Also, wrt your dad. I would try to bite him if he manhandled me off the sofa! It's good that you're aware of this because if your dogs 'space saving' signals are not respected then he will escalate. Eg my boy rarely shows his teeth any more because he finally realises that putting his ears back is enough of a space saving cue and that we will listen to it. The more we show him we respect that the less likely he has been to escalate quickly

chelle792 Sat 14-May-16 08:13:10

Might be worth putting peanut butter in a kong in a crate when kids are over so he associates kids with being safe and rewards

LetThereBeCupcakes Sat 14-May-16 08:19:18

Well, reading your penultimate paragraph is sounds to me like you really are in the right mindset to get this sorted - that, in my opinion, is the most crucial part of dog training.

Firstly, do you think you're a bit anxious around the dogs (regarding their behavior)?I only ask because you say you worry about a lot of things, plus you wonder if he's picked up nerves from you. I know it's hard but try not to show the dogs you're worried - they really do pick up on it!

The house training - sounds like you know what to do with that. Do you have a partner? Can he not open the back door so the dogs can relieve themselves first thing?

Recall - There's a great book called "How To Bond With Your Dog" by Victoria Schade - she uses a lot of case studies of recall issues and there are loads and loads of tips in there. Really worth a read if you can. Hounds are a pain, TBH! We've used long lines with our dogs in the past and you're right about getting in a muddle. Is there anywhere enclosed you can go? There are some disused tennis courts around here which are great for recall training. It's a bit of a vicious cycle, as you say, because the less you let them off, the more excited they are when they DO get to go off lead. When you DO let DDog off lead, do lots of practice of recall - call him back, treat him (or fuss, or play, or whatever), then (and this is important) let him go again. Show him that coming back to you does not mean the end of the fun!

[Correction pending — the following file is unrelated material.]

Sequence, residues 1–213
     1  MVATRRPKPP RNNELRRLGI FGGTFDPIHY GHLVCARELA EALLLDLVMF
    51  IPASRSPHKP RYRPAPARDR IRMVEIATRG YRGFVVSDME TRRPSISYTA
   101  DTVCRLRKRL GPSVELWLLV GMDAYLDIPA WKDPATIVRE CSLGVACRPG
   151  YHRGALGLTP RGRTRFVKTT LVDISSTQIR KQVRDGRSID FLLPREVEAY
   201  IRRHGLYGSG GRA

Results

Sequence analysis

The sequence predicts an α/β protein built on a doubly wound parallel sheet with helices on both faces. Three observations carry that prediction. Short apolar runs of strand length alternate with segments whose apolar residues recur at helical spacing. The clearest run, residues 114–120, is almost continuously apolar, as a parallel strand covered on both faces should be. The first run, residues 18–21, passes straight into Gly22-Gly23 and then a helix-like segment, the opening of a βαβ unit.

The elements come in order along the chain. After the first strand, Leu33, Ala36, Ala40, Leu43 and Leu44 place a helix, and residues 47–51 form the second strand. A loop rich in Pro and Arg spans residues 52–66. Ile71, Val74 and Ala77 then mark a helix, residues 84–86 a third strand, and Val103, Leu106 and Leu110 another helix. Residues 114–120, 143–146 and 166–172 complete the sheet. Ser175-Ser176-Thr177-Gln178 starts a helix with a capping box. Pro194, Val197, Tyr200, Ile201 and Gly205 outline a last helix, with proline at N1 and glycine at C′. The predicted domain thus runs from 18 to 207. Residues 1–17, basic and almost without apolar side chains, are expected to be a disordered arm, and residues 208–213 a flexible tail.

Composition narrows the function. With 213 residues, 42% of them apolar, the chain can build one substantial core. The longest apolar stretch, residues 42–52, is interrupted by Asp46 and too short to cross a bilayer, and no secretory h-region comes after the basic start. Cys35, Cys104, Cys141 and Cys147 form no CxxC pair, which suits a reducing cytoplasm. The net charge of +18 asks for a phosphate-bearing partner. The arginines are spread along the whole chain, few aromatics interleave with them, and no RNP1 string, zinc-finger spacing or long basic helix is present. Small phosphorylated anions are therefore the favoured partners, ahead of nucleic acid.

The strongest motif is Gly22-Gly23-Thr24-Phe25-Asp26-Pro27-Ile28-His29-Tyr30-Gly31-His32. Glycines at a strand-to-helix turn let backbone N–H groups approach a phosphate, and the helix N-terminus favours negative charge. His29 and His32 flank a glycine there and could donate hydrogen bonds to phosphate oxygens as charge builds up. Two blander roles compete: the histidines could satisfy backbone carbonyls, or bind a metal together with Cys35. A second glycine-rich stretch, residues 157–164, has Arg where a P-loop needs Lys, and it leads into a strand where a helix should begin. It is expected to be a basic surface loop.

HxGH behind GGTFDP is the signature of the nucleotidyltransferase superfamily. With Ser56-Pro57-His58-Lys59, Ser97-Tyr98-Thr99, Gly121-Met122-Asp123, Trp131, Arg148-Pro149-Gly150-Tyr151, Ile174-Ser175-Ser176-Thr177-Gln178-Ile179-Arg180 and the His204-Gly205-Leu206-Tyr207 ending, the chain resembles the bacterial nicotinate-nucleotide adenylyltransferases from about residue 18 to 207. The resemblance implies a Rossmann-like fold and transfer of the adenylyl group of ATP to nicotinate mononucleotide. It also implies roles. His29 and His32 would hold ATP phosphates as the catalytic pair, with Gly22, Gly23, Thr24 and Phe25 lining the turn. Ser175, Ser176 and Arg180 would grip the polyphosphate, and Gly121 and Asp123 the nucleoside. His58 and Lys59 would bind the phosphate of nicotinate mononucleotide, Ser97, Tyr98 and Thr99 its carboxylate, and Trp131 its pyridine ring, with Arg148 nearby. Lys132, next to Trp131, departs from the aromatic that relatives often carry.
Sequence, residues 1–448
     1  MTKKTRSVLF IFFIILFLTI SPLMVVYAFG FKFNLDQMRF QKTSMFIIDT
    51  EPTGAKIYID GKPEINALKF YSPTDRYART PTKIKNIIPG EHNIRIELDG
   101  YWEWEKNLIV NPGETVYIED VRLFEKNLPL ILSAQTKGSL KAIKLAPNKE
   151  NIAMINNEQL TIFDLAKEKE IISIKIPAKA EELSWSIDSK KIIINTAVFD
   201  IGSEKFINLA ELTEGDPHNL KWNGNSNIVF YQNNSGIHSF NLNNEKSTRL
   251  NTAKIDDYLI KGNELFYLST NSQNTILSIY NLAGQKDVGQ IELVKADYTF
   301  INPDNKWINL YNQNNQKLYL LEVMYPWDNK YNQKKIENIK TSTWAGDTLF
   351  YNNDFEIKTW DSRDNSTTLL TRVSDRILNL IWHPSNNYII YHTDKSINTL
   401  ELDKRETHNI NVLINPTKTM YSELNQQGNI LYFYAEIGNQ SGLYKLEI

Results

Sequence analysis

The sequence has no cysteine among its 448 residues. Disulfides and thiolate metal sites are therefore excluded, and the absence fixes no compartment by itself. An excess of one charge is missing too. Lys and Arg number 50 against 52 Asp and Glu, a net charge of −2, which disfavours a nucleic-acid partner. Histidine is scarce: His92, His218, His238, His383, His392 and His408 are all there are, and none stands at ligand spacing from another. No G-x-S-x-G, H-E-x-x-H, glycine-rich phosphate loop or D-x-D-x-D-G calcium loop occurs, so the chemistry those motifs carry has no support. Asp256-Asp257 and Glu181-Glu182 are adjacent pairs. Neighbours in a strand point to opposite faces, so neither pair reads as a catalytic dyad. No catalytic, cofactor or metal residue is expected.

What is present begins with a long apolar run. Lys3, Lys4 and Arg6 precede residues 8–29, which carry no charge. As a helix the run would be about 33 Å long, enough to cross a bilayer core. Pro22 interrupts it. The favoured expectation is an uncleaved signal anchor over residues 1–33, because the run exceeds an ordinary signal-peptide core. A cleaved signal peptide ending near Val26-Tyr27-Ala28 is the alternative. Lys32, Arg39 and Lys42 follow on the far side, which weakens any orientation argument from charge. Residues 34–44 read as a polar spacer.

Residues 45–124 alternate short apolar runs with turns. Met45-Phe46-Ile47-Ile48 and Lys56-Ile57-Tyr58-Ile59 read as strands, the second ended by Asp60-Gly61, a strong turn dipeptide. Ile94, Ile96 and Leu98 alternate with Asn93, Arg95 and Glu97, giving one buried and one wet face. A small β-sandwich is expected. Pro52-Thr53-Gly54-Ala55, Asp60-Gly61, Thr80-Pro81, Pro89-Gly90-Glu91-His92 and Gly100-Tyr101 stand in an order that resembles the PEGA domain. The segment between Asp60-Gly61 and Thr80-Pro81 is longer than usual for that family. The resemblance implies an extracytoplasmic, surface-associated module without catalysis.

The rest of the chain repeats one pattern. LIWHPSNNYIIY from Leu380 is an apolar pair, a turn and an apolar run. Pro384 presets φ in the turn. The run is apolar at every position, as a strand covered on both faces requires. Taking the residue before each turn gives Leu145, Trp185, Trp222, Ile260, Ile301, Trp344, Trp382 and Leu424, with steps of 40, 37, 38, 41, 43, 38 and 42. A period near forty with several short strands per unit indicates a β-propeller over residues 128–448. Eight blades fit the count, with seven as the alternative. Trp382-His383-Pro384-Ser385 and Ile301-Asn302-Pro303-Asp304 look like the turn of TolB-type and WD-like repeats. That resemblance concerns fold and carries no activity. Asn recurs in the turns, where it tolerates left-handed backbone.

The growling on the sofa - well, that was very silly of your dad! If you ignore a growl, it's not really surprising if a dog escalates to a snap. It will also reinforce the negative associations for your dog (as he's a rescue, you don't know if it's resource guarding, or if something horrible once happened to him when on the sofa). You need to build up positive associations. What do you think the dog would have done if your dad had given him treats when he approached the sofa?

Finally, the children. That's obviously the most risky and although I can make some recommendations I really, really think you should see a reputable behaviouirist. It's really not something you can work on via the internet!

Best of luck OK, and congratulations on your baby!

Lalaladida Sat 21-May-16 12:41:26

Message withdrawn at poster's request.

Lalaladida Sat 21-May-16 12:44:11

Whoops! I was attempting to add my own thread! Sorry, I will report this and get it deleted... For what it is worth, OP, it sounds like we are having similar issues (ish).